Ask the Builder: Build a magic playhouse or clubhouse
Published in Ask The Builder
Many decades ago, I was a small lad, right in the middle of the baby boom created by soldiers and sailors returning from World War II.
There were no fewer than 10 kids on my street that were within two years of me in age. Two were brothers that lived just 200 feet from my house. Woods surrounded all the houses on our street. Behind their house the previous homeowner had constructed a magnificent tiny cabin for his kids. We immediately made this our clubhouse and meeting place for all outdoor adventures.
Thinking back, this one-room cabin measured only 8 feet deep by 12 feet long. It had a small covered front porch. I can’t begin to share with you how much fun all of us had in this tiny building that looked not much different from POW bunkhouses that my own father slept in. The inside walls were not covered; you could see the wood wall studs and the roof rafters. We didn’t care because we didn’t know any better being 8, 9 and 10 years old. We just wanted our own private little space away from our parents.
Mid-winter is a good time as any to start to plan to build a similar playhouse or clubhouse for that special young person in your life. It’s not that hard to do when you consider that the job is not much different than eating a pachyderm. Those are best eaten one bite at a time.
You can have extra fun if you include your little ones in this planning stage. Look at photos online about playhouses and clubhouses. Ask your junior architects what they want in their playhouse. Try to accommodate as many requests as possible that make sense. Talk to them about helping build it so they’ll have rich memories of the project as they grow older.
You can get inspiration to build one of these by just spending 10 minutes looking inside the prefab sheds they sell at big box stores in your town. These sheds are basically carbon copies of the clubhouse I spent time in. They have simple wood floors, plain-vanilla 2x4 walls, and the roof rafters can be 2x6s. Nothing about this is hard.
The first step in the process is to check with your local building and zoning department. You need to see what the stipulations might be for outdoor structures like a garden shed or storage shed. That’s what you’ll call this tiny building that you intend to build. You may discover that a structure like this can’t exceed a certain size and that it must be placed a certain distance from your property line.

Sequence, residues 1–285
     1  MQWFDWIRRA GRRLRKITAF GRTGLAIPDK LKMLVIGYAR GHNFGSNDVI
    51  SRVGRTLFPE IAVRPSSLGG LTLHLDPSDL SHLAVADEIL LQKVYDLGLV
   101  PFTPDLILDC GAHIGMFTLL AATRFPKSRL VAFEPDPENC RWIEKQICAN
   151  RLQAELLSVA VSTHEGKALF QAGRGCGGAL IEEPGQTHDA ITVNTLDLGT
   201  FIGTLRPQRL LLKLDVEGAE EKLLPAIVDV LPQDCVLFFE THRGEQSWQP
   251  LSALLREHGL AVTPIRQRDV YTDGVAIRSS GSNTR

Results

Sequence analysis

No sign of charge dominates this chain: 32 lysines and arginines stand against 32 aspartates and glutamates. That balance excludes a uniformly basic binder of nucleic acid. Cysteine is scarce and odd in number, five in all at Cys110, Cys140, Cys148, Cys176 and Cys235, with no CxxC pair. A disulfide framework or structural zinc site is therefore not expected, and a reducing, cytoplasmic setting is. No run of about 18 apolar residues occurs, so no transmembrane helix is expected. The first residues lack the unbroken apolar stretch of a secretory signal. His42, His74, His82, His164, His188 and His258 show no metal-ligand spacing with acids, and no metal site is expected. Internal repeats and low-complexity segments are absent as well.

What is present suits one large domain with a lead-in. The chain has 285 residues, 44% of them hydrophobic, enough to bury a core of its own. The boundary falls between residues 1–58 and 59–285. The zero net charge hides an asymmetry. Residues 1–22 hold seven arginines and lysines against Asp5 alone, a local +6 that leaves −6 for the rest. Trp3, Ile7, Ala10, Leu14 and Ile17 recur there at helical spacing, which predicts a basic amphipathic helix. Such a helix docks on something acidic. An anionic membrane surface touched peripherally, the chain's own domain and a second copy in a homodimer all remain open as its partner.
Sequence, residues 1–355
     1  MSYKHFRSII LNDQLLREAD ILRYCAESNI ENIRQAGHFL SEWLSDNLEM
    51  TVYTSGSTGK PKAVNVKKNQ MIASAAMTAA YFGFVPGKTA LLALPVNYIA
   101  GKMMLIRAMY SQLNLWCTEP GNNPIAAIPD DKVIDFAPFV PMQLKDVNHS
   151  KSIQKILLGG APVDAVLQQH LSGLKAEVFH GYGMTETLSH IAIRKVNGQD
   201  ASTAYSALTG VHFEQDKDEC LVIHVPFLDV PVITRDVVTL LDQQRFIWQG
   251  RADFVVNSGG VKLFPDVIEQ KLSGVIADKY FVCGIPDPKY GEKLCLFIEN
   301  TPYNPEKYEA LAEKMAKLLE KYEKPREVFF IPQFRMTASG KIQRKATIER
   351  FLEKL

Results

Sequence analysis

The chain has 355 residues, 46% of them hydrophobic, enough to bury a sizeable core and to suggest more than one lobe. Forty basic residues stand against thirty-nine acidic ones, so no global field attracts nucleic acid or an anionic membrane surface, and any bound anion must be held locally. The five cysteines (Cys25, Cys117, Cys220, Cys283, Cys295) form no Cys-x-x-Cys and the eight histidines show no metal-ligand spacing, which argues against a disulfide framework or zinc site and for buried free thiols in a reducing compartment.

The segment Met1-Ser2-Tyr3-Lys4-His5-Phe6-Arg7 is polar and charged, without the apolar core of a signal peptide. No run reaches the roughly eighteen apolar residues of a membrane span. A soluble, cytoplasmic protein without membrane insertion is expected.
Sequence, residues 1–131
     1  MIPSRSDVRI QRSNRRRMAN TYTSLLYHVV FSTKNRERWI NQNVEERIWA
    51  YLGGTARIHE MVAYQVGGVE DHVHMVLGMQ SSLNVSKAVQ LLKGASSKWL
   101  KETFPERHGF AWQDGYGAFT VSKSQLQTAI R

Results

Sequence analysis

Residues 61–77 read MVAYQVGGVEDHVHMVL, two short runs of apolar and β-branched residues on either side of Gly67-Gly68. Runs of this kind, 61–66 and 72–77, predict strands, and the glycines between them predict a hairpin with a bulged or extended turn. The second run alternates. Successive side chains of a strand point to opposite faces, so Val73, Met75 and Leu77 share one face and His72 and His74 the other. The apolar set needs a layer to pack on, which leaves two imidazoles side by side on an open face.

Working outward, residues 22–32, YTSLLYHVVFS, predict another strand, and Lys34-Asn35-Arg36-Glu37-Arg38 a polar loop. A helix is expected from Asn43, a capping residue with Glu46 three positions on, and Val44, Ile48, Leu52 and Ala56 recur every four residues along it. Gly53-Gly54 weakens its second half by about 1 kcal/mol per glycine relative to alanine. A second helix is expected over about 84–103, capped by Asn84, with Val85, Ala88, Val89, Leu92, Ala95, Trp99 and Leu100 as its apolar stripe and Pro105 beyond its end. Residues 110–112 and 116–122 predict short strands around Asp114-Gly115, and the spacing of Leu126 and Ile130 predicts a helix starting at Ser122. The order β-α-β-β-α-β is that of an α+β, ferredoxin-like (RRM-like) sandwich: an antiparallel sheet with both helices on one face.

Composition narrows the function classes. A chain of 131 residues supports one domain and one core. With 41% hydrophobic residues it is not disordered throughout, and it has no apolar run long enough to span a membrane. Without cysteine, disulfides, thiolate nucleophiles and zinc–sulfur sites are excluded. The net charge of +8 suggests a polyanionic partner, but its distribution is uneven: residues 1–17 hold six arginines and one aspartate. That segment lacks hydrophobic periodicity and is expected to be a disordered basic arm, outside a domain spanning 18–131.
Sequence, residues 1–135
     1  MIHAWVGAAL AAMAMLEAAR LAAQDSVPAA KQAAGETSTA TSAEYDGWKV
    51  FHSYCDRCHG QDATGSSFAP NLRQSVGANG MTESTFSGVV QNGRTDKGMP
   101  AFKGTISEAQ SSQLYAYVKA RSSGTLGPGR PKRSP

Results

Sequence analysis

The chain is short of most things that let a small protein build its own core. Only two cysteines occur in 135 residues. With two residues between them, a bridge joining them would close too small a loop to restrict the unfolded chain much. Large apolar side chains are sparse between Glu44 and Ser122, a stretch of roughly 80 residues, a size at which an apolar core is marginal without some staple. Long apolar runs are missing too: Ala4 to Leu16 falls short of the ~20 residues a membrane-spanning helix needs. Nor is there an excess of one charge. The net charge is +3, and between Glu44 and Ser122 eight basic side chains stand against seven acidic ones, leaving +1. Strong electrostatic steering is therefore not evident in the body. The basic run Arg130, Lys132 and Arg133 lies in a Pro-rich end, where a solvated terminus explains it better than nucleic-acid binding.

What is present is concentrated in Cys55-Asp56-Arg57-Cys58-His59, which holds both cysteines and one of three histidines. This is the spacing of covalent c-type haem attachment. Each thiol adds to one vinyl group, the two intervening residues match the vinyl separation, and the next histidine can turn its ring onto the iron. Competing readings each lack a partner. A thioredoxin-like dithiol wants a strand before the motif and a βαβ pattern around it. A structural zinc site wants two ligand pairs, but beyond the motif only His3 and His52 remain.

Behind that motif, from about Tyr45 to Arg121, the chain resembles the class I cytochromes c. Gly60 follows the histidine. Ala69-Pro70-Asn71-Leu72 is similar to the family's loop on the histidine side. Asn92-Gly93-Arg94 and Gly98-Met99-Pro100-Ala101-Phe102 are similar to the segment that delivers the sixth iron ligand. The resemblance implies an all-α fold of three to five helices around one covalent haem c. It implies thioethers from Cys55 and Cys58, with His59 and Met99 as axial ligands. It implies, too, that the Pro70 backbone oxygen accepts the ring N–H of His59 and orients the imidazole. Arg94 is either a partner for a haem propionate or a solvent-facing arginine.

In my opinion, the next biggest concern is wind. It’s not uncommon for windstorms and violent thunderstorms to blow outdoor sheds over. This happens if the tiny building is not secured to the ground. Buried concrete piers that extend below the frost level of your area do a great job of preventing your new clubhouse from tumbling. Inexpensive metal connectors connect to steel anchor bolts that are placed in these concrete piers. I have a series of videos at AsktheBuilder.com that show you how to build these piers and place the anchor bolts.
Building the floor and walls for this tiny building is also simple. I’d recommend you use treated floor joists as well as treated plywood. You can buy this plywood at just about any traditional lumber yard that sells treated dimensional lumber. If you use untreated plywood or oriented strand board (OSB), within a few years it will start to rot and become spongy. You’ll discover more videos on my website showing you how to build the floor and the walls.
Framing the roof of your playhouse/clubhouse might be the most challenging aspect of this project. I have videos about this too, and you’ll discover that there are many helpful videos on the Internet showing you how to cut the simple rafters for a project like this. It’s very easy, and all you need is a simple framing square and a circular saw.
In my opinion, it’s best to plan ahead. The little urchins who will use this structure will grow out of it. Think about how you can use it once they get interested in other activities. Maybe you’ll use it to store your garden tractor, snow blower or other yard-care tools. If so, think about how you can add a ramp at a later date to get these things in and out of the shed.
Make use of natural light. The clubhouse I played in didn’t have a skylight. It had one small window. When the door was closed, it was pretty dark inside. With very little effort, you can install a simple skylight in the roof that will make all the difference in the world. As crazy as this sounds, a simple piece of plexiglass plastic laced into the roof shingles will suffice. Be sure to cover the wood roof sheathing with 30-pound tar paper to prevent wood rot should you not be an expert roofer! This inexpensive material is installed before you nail on the asphalt shingles.
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